Credible evidence is a real problem for the very body that exists to maintain the highest professional standards – the CIPD (Chartered Institute of Personnel & Development). Jackie Orme, Chief Executive, declared that ‘there have never been enough good people working in HR’ and the CIPD Board, in buying The Bridge Partnership in 2009, tacitly admitted they do not possess the requisite credibility, capacity or capability either . So in one fell swoop the chartered, ‘professional’ body has written itself off along with the expertise, skills and experience of its entire 130,000+ membership. Meanwhile it is creating something called “Next Generation HR” (for an update on how this is doing see here) with a ‘thought piece’ that is totally devoid of any coherent thought and without a single, new idea to distinguish it from whatever ‘last generation HR’ was.
So what is “Next Generation HR” and what is so exceptional about The Bridge Partnership that led the CIPD to seek it out in an attempt to bolster its own credibility? How would the objective observer know they are not just another bunch of psycho-babbling charlatans? A visit to Bridge’s website says it “harnesses strategy, business insight and psychology to breathe leadership and new life into organisations.” – something the CIPD definitely needs. However, the one thing on which credibility is built – evidence – is conspicuously absent. So ‘Next Generation HR’ practitioners are unlikely to be any more evidence-based than their conventionally-trained predecessors.
Having a professional body run by evidence-based professionals is the only way out of this impasse: so how are the Board members of the CIPD currently performing against this higher standard?*
- The current Chair, Dean Royles, is Director of Workforce and Education at the North West Strategic Health Authority of the NHS and controls a budget of £650 million and yet, according to his own ‘Education and Learning Strategy’ he openly admits that “Organisations will need a better understanding and application of educational evaluation methodologies to appreciate the impact of education and learning activities.” In other words, he accepts the principle of evidence-based practice but does not know how to produce the evidence required.
- Another Board member is a past president of the PPMA (Public Sector People Managers Association), Stephen Moir, who as Director People, Policy & Law at Cambridgeshire Council has produced an HR strategy with all the latest buzzwords (“employer of first choice”, “celebrate diversity”, “competence framework”) but no sign of an evidence base for these policies.
- Then there is Gill Rider**, holding potentially the most influential ‘HR’ job in the UK Civil Service as Head of Profession, who has not provided any evidence that she is making any progress after four years at the helm.
The rationale behind this site therefore is a vision of a future in which HR and learning professionals earn their rightful place alongside the medical profession in terms of evidence-based best practice and alongside senior operational managers in terms of management expertise. In fact, as the concept and practice of evidence-based management is currently challenging all management functions, evidence-based HR professionals do not need to make any apologies while they learn how to get up to speed with this new way of thinking.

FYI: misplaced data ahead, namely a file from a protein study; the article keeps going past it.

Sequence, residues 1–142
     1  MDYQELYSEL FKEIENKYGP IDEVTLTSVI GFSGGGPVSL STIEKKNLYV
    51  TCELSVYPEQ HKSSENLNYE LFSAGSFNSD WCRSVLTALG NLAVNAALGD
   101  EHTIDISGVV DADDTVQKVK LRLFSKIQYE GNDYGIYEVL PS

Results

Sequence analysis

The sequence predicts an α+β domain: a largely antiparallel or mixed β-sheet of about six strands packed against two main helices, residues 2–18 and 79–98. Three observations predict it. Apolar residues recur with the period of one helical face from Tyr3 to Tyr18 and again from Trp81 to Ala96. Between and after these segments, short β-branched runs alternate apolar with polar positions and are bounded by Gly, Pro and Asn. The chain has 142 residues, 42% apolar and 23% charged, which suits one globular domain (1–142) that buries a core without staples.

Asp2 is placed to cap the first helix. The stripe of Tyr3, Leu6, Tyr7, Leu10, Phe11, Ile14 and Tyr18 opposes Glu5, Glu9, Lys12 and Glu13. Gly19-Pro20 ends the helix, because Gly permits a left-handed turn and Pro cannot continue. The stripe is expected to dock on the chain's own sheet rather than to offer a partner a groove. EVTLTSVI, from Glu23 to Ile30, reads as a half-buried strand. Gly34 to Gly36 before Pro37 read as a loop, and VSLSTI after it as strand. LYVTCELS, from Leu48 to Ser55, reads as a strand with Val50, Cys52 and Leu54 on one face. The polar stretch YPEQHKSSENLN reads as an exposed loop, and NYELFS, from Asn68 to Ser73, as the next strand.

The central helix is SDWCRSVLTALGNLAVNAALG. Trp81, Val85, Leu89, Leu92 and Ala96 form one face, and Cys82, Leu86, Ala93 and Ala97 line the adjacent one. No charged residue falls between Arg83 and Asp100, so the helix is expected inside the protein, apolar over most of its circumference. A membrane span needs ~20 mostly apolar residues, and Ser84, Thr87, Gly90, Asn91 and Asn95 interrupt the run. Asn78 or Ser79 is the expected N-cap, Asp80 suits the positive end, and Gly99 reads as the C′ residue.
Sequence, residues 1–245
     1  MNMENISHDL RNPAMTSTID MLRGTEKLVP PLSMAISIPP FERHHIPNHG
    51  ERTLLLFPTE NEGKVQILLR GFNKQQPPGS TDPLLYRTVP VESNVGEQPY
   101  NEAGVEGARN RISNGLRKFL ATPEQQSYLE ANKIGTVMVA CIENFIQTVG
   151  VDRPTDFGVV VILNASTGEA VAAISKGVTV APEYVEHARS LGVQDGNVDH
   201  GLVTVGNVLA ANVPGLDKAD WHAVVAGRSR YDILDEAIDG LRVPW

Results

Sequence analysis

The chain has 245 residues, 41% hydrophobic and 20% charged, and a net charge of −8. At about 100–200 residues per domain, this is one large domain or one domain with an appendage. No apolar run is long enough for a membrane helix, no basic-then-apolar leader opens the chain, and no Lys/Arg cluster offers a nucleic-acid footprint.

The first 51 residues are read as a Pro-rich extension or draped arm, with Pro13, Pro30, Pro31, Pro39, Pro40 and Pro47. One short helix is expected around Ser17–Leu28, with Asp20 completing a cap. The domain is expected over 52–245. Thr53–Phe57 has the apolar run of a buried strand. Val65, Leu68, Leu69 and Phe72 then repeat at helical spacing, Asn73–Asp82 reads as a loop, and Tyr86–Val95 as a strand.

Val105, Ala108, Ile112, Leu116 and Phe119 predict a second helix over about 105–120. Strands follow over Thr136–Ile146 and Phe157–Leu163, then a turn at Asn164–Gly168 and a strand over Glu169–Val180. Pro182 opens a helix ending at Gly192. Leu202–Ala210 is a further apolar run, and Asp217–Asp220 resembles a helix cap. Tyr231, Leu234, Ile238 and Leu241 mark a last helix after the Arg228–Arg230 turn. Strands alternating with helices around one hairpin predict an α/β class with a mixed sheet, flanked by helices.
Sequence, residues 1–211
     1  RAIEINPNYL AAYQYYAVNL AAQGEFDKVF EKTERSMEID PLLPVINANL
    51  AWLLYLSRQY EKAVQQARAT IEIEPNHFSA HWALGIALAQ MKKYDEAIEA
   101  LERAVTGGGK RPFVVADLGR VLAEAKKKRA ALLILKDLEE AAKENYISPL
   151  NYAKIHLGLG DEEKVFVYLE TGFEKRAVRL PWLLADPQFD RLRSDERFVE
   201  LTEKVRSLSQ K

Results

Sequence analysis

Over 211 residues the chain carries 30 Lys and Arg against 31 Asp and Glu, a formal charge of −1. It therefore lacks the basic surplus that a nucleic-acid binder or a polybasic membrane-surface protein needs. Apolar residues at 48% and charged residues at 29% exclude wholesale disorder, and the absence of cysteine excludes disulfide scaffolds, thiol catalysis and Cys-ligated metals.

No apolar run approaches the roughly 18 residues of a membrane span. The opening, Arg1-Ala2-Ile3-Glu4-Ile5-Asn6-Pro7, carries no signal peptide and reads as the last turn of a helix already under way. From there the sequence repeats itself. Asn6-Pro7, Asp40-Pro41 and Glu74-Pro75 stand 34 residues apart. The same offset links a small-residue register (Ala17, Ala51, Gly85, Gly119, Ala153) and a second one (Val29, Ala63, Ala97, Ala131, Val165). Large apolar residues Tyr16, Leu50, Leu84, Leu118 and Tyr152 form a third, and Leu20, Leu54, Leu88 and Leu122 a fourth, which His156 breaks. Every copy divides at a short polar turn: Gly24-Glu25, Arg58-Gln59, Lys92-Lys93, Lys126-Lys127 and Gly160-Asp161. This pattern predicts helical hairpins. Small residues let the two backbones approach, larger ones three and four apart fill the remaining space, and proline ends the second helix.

Let no one be under any illusions though. If HR and learning practice is not already evidence-based it won’t suddenly become evidence-based overnight. Evidence-based HR is primarily about high impact, strategic solutions to difficult organisational issues and requires cooperation from everyone involved; it cannot and should not be imposed by, or reside exclusively with, the HR team. So, for example, if Dean Royles wants an evidence-based, quality assured learning system in the NHS, the first thing he will have to do is learn about evaluation, re-visit expensive schemes such as his Leadership Academy and make a conscious decision to build it on a solid foundation of evidence-based practice.
Alternatively, he should call a halt to wasting huge amounts of money on an edifice that cannot produce any evidence that it represents a sound investment. There is no room any longer for hype or psycho-babble in this new, evidence-based management (EBM) universe.
*The issues outlined above have been raised directly with the CIPD Board members referred to before publication – to date no responses have been received but they have another opportunity here to respond to these challenging questions.
**Update June 2011 – After 5 years at the helm Gill Rider left the Cabinet Office having only “concluded the development phase” but predicting”anticipated savings of £300 million and a best in class staffing ratio of 1:100.” After such impressive results it is no surprise to hear she has become CIPD President.